Providence big man works to inspire friend while chasing his NBA dream

As Madison Square Garden roared its approval at every emphatic dunk from Nate Watson in Providence’s upset win over No.1 seed Xavier Friday night, Friars head coach Ed Cooley didn’t just see a freshman helping key the third-biggest comeback in Big East tournament history.

He saw a vision of Watson’s NBA future.

“He’s going to play in this building some day,” Cooley said. “He was great today. He was unbelievable.”

Watson contributed 14 points on five of six shooting in a season-high 28 minutes when the Friars needed him to help save them from the frying pan’s fire in their second-straight overtime game.

His box score was loud, and Watson is content to let his game do the talking. His postgame press conference was as quiet as the Garden was loud, with his hot pink Nike shoes making a more vibrant statement than any of the words Watson had to offer the mass of reporters.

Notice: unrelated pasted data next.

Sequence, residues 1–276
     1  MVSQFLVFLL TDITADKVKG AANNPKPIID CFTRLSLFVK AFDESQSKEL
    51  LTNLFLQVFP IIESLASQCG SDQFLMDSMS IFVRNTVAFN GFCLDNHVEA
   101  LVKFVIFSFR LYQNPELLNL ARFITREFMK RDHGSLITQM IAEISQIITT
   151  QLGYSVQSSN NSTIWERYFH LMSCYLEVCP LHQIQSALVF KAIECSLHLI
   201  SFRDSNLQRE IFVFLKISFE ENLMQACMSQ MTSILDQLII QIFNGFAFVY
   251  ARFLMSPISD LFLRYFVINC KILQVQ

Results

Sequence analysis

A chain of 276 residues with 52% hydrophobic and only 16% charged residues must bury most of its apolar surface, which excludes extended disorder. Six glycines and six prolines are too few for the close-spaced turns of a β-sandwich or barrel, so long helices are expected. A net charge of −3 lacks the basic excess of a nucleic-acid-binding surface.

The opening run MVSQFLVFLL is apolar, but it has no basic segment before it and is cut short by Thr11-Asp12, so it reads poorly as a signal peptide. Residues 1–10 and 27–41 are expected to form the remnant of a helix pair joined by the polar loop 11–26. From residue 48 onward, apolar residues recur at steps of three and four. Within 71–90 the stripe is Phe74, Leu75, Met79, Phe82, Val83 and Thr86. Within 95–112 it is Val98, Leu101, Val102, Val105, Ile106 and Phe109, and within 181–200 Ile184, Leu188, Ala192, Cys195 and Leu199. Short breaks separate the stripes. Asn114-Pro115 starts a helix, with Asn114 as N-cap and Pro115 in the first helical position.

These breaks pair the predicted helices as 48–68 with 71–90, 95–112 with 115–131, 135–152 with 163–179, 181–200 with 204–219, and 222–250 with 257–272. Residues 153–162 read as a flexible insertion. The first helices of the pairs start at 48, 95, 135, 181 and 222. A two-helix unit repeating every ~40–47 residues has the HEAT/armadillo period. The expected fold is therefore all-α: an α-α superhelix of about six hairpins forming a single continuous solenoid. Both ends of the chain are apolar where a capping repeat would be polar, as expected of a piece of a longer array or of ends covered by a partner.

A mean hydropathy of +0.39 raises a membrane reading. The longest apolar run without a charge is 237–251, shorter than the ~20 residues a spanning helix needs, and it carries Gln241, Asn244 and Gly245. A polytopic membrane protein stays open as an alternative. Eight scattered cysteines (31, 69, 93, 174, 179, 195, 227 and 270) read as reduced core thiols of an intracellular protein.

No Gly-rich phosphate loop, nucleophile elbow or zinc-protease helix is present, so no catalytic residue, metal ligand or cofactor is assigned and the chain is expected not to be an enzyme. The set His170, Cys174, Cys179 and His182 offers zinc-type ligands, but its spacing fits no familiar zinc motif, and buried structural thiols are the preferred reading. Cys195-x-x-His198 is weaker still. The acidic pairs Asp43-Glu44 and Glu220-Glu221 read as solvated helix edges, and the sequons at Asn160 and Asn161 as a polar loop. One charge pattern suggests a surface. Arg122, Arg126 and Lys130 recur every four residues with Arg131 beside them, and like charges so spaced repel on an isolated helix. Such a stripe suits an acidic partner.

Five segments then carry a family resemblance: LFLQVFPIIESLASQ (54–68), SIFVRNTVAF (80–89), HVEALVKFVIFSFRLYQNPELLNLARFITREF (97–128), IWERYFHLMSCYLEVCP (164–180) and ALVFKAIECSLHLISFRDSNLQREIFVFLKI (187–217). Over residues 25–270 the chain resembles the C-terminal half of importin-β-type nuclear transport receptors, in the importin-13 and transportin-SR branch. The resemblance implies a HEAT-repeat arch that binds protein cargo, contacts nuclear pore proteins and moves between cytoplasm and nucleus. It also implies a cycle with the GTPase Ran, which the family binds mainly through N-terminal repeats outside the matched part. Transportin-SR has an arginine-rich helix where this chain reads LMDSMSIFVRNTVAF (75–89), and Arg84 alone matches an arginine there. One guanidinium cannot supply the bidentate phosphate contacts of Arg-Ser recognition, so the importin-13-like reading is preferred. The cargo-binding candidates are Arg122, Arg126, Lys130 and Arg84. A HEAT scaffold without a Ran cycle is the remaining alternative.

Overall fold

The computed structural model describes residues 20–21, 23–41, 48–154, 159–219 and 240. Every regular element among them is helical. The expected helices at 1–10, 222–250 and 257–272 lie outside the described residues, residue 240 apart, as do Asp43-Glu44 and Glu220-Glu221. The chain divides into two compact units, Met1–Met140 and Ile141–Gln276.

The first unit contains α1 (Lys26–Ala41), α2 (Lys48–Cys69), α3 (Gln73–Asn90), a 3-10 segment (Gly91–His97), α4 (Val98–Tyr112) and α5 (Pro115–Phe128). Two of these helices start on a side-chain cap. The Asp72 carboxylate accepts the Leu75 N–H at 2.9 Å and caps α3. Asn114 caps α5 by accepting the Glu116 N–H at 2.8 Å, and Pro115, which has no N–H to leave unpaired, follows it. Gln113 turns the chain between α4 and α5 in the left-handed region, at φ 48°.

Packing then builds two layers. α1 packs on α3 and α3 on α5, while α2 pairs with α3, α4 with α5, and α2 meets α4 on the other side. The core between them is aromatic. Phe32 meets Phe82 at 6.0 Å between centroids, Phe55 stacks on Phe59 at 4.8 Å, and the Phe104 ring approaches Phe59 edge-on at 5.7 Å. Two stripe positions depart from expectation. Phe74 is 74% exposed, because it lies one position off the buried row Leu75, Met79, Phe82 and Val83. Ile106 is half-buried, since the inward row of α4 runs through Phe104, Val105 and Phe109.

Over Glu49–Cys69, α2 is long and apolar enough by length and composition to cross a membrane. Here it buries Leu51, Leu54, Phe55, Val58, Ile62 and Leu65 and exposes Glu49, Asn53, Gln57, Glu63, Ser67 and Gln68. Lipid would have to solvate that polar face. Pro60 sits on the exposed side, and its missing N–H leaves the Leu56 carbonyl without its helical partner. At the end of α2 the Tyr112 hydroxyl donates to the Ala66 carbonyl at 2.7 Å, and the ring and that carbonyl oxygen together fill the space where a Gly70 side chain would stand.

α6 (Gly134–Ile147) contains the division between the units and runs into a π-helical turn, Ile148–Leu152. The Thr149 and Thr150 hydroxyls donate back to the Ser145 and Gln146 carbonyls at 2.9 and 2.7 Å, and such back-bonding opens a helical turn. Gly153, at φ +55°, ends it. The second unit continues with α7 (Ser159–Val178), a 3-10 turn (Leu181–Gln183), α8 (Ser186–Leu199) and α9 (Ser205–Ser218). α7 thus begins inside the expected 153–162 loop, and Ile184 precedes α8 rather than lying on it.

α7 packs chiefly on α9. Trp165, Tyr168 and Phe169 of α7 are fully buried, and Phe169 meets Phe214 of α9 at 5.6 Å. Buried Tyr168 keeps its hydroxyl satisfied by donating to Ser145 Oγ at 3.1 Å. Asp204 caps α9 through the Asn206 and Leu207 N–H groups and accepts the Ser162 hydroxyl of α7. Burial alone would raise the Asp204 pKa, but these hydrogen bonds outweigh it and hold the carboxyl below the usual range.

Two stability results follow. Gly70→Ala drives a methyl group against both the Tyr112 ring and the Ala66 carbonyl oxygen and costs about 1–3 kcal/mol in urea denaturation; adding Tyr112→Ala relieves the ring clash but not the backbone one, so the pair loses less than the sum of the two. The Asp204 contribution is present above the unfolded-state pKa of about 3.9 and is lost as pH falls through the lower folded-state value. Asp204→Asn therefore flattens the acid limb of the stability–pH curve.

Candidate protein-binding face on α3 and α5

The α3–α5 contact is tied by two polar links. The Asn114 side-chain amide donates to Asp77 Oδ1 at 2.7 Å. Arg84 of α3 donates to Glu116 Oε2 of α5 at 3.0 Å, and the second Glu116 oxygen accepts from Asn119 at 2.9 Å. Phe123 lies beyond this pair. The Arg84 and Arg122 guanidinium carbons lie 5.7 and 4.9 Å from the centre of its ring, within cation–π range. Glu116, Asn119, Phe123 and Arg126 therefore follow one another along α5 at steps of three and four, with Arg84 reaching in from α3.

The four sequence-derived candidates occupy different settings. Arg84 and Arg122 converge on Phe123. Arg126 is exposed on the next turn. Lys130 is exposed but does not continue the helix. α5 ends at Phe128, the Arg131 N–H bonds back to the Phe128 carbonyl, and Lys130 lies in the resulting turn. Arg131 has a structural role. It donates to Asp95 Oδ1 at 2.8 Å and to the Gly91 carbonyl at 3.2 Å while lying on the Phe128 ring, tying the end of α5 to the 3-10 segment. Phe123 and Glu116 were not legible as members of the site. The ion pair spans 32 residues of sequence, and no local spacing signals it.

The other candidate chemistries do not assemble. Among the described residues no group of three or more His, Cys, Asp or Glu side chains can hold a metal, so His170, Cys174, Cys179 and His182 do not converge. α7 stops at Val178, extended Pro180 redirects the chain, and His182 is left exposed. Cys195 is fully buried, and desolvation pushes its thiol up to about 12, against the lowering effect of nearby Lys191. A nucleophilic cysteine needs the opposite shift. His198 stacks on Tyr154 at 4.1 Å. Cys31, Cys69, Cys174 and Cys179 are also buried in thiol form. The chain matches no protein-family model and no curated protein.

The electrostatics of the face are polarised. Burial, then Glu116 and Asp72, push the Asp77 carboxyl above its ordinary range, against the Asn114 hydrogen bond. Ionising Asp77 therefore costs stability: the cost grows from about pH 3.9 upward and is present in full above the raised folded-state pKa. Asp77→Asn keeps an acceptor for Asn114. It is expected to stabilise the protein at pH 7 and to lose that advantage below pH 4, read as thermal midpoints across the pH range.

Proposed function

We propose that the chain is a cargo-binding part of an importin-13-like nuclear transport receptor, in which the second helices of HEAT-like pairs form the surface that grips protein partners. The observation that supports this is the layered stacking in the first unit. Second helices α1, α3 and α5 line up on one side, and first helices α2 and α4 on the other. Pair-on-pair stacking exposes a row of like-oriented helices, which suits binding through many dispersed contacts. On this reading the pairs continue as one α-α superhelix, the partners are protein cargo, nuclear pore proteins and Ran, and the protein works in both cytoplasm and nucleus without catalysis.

But those shoes offered more meaning than any pithy postgame quotes could anyway. Watson might be hoping to chase NBA dreams at some point, but for now he’s just trying to support his friend and former high school teammate at Bishop O’Connell high school, Jake Berry, deal with a cancer diagnosis.

“It was hard,” Watson said. “I think he’s doing good now, but I wear these for him.”

Watson actually planned to give the shoes to Berry, but the high school sophomore is a size 16 to Watson’s 18, so instead the 6-foot-10, 260-pound center is trying to inspire his friend with his play on the court.

“The pink, I love pink. I’ve just got to do it for him,” Watson said.

So since Berry can’t walk in Watson’s shoes, the freshman big man is trying to make his friend proud by putting them to good use as he chases his NBA dream. Praise like the Garden vision his coach opined upon after the best game of his young career fuels his belief he can make it a reality.

“That’s my dream, and I want to do that someday,” Watson said. “I feel like that’s possible. I’ve got to keep working, keep lifting and putting extra work in. I’ve got to keep going.”